Every day you see people arguing with soldiers at checkpoints. A father and daughter wanted to pass a checkpoint however the military personnel told the man he was permitted but his daughter, who is not old enough to have an identity card, was refused access due to not having one.

But even in this difficult time you still see brave and good action. Yesterday I saw a little boy, around one or two years old; that I believed displayed a good example of Tibetan spirit. The baby looked as if he had just learnt how to walk and was out with his grandmother and her little dog. They were standing in front of the Jokhang Square where soldiers in blue uniforms ensured that nobody crossed the square. The baby walked up the three steps to the square and started to make prostrations towards the Jokhang while his grandmother also prayed but her frail body prevented her from prostrating as well. When the boy finished he looked at the guards, then at his grandmother, and then started to walk closer to the temple. The guards looked at the baby, not knowing what to do. After about ten meters the baby boy stopped and prostrated again, then turned around, walked back to one of the guards and took his hand to say goodbye. Seeing this reminded me that all Tibetan people want religious freedom and the right to preserve their culture.

They are tired of writing papers against the Dalai Lama, of patriotic re-education and all the rules and regulations that make their life so difficult.
Lhasa, 27.04.2008


24 Replies to “A Letter from Lhasa”

  1. This letter tells us all that we must work hard for a free Tibet. It gives us a glimpse of life under the cruel occupation of Chinese regime, which do not have any mercy on anybody and determine to destroy our identity, livelihood, cultural and very existent of being. This is the only reason Chinese are there and their only goal.

    What we have left to loose now, if we can not live the life we were given?
    What choice we have, other than fight back and be brave?
    What more suffers our brothers and sisters have to endure?
    What more humiliations my countrymen have to go through?
    What kind of tortures fellow human being have to suffer?
    What rights the Chinese government have not only invaded and killings?


  2. Foolish is the man who try to add another lie by using another wretched wacko letter. How pitiful is the Tibetans and their Westerns cohorts. How much lower can they go before their conscience in their heart will be overflowed with hatred and sins. My Buddha bless them for their evil doings.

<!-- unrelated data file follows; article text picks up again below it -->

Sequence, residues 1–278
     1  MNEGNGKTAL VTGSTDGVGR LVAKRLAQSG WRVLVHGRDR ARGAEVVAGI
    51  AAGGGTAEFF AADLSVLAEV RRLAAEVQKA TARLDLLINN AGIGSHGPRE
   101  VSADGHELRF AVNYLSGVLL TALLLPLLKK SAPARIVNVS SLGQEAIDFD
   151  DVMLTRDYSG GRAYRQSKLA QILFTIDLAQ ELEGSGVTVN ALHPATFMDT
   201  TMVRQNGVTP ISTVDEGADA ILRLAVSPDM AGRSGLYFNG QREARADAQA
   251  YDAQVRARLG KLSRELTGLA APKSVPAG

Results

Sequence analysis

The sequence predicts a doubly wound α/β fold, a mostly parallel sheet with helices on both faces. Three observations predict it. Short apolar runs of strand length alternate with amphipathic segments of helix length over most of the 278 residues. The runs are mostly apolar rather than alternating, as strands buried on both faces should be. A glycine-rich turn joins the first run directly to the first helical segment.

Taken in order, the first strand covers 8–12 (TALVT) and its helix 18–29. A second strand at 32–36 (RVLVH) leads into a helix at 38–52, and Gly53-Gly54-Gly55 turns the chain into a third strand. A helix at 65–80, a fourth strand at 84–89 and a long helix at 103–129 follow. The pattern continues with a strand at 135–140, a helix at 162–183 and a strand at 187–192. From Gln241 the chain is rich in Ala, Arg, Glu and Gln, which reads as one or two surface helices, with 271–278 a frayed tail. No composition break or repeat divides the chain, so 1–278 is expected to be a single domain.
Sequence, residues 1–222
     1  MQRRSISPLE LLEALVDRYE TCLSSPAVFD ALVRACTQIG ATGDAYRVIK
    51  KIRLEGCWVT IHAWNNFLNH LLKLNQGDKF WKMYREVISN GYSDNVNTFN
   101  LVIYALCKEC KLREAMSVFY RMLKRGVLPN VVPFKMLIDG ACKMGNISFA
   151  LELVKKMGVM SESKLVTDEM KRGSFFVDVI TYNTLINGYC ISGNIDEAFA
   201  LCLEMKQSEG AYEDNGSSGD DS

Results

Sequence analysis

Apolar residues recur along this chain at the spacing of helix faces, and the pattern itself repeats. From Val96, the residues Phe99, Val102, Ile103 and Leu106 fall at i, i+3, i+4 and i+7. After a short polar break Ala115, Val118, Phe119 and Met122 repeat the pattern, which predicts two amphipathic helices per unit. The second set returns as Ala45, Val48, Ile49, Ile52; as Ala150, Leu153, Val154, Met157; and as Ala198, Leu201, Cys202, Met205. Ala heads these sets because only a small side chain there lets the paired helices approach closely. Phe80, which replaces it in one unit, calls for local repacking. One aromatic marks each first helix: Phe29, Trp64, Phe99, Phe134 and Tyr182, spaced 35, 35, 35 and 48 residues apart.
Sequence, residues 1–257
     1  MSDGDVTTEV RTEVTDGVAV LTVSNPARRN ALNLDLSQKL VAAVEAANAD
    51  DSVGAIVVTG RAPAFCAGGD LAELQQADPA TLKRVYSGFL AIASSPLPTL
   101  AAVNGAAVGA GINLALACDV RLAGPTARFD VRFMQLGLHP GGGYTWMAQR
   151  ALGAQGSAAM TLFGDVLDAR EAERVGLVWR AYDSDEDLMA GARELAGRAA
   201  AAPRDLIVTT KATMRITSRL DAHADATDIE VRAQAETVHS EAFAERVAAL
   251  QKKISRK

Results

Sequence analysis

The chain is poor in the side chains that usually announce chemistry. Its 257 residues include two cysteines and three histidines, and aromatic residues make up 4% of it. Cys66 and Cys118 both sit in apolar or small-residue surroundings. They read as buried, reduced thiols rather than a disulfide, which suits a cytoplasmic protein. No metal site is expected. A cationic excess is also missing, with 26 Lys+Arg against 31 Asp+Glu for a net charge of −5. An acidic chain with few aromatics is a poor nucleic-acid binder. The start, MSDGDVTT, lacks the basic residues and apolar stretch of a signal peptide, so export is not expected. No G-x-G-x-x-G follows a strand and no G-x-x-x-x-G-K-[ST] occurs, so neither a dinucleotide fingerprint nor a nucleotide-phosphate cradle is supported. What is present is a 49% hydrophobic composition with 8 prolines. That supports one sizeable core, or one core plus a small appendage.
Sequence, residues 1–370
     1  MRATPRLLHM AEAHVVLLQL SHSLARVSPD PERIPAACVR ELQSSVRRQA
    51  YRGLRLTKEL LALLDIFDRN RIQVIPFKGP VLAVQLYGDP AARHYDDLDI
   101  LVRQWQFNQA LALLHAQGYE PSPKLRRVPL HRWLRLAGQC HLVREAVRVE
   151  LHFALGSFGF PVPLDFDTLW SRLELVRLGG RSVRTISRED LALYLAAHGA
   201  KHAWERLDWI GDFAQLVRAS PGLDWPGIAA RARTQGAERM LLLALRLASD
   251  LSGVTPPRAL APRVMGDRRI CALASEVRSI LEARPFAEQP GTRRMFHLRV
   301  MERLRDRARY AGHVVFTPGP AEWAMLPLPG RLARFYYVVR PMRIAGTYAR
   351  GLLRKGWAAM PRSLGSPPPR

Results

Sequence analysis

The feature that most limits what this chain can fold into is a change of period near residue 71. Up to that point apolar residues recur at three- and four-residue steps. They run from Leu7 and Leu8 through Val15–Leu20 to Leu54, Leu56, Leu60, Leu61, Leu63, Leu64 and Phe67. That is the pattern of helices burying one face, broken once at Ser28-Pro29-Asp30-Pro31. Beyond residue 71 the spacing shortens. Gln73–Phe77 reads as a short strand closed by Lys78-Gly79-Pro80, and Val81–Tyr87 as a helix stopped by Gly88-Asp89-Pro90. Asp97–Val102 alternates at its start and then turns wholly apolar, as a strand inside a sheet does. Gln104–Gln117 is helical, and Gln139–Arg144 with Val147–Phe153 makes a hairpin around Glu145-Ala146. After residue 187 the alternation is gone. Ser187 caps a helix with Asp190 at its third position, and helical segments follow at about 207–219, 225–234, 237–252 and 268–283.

3. This letter is one of the most heartbreaking things I have ever read. Thank you Mr. Norbu for sharing it with us. Your work and your and your energy I am sure is so appreciated by all the Tibetans and the world.

    I hope you can some how get it to the mainstream media so the word can get out there, and people realize how Tibetans are living in fear for their lives every day.

    Maybe if enough people read this it might make them finally think about not attending the Olympic games and standing with the Tibet people who have been fighting for 50 some years for their freedom.

    How can that pathetic government of China celebrate anything while they are killing people, I just cant understand.
    My heart is breaking for these Tibetans.
    Free Tibet

  4. Jinmaz,

    Obviously you prefer the state-run tabloid network known as Xinhua which can make up or spin a story faster than the American National Enquirer.

  5. Tenzintsering,

    FYI, I am not from China. I believe in Buddha just as you believe in your ‘Buddha’. Those were the days I used to listen to the good teaching of the Tibetan Buddhism.

    However, not only due to your evil action where innocent peoples were killed in Lhasa, you and Dalai Lama continue to act holy without even feeling guilty over it. The world is ashamed to have your group of evil false buddhists damaging the good image of Buddha.

  6. Here’s what Jinmaz wrote a few days ago at asiasentinel.com. I quote exactly:

    “… : Jinmaz
    So what if it did happen.

    I will be more delighted to hear Mao reborn again to finish off his uncompleted mission of getting those Tibetans annihilated just like the natives or aborigines in America or Australia
    May 8, 2008”

    I recommend ignoring him completely. He has nothing worth saying.

  7. Jinmaz & Tenzin Tsering,

    Please, leave these negative emotion to yourself, and don’t try to brush aside Dalai Lama with your immaturity and a small boy thoughts. It’s very easy to criticise someone without any valid arguments.

    And especially to you, my chinese friend, (Jinmaz) Don’t try to be smart here. We are no longer being fooled by your lies and irrelevant accusation which are borne out of practicising Buddha Dharma in a false way. Only you have to blame yourself for being what you are.